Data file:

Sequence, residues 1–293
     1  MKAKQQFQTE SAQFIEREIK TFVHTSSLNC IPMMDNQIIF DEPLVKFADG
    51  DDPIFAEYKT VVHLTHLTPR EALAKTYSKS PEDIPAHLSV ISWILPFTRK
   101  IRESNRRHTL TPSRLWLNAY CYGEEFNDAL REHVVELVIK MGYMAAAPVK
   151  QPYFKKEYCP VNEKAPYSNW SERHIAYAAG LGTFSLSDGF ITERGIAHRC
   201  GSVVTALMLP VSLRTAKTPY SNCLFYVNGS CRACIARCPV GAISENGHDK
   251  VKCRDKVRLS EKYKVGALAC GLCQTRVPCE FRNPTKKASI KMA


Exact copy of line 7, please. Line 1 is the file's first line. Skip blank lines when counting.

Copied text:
   251  VKCRDKVRLS EKYKVGALAC GLCQTRVPCE FRNPTKKASI KMA